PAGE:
back to the beginning ... logging

In the second half of the 1990s I was an IDMS database administrator for Belgium's biggest retailer. When our resident guru almost got killed by the job I got most of the main databases in my care ... and I must admit I ruled supreme. If you've never heard of the BOFH, check him out here and here. I don't know if any of those stories are based on reality, but they are nothing compared to some of the stuff I pulled off.

I hated logging.

Let me place that statement in the correct context. PL/I did not allow asynchronous actions, logging ate processing time. Also, disk storage was not cheap, the estimated costs of storage could and would often kill a project before it even started. Database storage was even more expensive. Migration to tape was an option but it made consultation afterwards very impractical.

This brings me to the why of logging. Opinions may differ but I see only two reasons :
  • Audit
  • Bug fixing by means of postmortem analysis
Audit. You want to know what was requested and - if you're a security auditor - who requested it. This is a - and in my view the only - legitimate reason for logging. However, even back then tools existed that allowed auditing without having to put it in the code. A fellow database administrator that was a bit too curious about the wages of the others and looked them up on the database found that out the hard way.

Bug fixing by means of postmortem analysis. You want to know what the state of the system was at the time of an error. This requires excessive amounts of logging. It did back then and it does today. And let me tell you something ... it's never enough.

You might say I'm an old fart that's not up to speed with the current state of technology. Storage is very cheap, asynchronous logging has become the standard ... and doesn't everybody say that you should log everything because it can be big stash of useful data itself ?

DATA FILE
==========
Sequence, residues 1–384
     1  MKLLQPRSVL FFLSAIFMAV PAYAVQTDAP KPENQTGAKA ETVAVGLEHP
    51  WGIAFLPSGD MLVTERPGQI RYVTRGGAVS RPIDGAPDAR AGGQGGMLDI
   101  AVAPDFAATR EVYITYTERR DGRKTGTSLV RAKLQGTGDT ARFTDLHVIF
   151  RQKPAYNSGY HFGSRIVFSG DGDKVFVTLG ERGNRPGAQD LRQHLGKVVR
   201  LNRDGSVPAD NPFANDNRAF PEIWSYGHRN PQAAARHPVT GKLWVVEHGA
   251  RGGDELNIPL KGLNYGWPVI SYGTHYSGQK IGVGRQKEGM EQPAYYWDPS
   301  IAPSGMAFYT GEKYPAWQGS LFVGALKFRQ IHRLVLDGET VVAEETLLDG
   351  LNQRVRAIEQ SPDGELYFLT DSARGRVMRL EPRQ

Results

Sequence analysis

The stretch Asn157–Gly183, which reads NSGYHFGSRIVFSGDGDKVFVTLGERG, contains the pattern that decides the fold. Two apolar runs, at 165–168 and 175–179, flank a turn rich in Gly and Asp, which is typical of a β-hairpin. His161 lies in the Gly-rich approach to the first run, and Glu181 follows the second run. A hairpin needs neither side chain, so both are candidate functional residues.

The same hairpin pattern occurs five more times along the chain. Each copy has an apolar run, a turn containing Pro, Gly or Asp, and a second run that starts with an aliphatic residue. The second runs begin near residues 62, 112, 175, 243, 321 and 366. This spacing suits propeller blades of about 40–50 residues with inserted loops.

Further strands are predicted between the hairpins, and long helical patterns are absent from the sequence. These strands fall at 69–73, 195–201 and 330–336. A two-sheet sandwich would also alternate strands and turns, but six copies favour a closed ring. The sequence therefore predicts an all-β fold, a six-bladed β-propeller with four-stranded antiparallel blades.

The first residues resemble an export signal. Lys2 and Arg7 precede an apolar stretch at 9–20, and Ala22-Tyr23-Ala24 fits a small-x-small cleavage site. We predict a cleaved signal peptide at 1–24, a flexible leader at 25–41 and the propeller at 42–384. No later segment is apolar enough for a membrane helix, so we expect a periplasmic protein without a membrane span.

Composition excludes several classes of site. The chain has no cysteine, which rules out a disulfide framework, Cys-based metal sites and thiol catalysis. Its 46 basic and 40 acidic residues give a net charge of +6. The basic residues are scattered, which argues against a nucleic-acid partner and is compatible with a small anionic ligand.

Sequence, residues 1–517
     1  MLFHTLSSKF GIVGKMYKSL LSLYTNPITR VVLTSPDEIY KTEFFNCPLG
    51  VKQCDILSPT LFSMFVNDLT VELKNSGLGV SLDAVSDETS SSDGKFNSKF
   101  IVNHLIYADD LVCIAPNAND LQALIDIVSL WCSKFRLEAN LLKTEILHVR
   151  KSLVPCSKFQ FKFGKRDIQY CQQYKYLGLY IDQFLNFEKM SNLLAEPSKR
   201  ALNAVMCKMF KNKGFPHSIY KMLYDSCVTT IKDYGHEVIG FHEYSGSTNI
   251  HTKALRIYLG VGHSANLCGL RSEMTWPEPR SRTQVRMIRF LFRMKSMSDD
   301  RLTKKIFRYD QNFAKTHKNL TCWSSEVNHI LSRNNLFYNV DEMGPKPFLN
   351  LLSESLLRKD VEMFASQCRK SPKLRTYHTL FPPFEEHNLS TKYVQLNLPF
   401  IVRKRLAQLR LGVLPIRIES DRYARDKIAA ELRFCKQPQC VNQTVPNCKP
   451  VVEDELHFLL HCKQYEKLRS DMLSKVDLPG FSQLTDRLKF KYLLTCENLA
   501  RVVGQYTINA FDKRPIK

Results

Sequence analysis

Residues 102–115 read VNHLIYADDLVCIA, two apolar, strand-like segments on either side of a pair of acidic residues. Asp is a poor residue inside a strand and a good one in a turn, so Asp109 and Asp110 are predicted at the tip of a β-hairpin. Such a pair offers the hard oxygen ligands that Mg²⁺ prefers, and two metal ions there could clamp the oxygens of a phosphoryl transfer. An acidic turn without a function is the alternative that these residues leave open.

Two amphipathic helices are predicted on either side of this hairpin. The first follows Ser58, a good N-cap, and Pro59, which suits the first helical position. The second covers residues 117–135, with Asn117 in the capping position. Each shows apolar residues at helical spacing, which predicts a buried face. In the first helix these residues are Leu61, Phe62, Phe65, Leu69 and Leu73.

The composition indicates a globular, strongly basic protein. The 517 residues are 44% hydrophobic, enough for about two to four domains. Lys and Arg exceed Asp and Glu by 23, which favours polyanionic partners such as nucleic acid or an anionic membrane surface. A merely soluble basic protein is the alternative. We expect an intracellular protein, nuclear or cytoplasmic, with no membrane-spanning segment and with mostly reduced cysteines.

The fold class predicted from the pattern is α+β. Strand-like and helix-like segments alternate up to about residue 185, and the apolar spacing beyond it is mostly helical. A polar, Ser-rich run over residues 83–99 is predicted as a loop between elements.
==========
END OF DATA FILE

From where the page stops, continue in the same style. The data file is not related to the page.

As a matter of fact, they - whoever they are - don't. They mean audit data collected on the edges of your system, not the things you'd typically put in a put skip list or System.out.println.

I still hate logging. And therefore I was very happy that when NetKernel 4 was released, it contained a back-in-time machine. Such was the power that 1060 Research also released a backport for NetKernel 3. This time machine is also known as the Visualizer. When running, it captures the complete (!) state of any request in the NetKernel system. Anybody that has worked with it agrees that it is sheer magic, for you can pinpoint any error almost immediately. Such a powerful tool warrants its own blogpost, so that's for next time.

All personal opinion aside, how does one log in NetKernel then ? Well, lets see how we can add some to our introduction module. First I want to have some audit of the incoming requests. We could write our own transparent overlay - another topic for a future blogpost - for this, but as it happens the HTTP Jetty Fulcrums have everything that's needed.

Open [installationdirectory]/modules/urn.org.netkernel.fulcrum.frontend-1.7.12/etc/HTTPServerConfig.xml in your favorite text/xml editor.
Remove the 
<!--Uncomment for NCSA Logging 
and the matching 
line. You can also change the settings and/or the name of the logfile. Restart NetKernel (this change is not picked up dynamically). You should now find a new logfile under [installationdirectory]/log.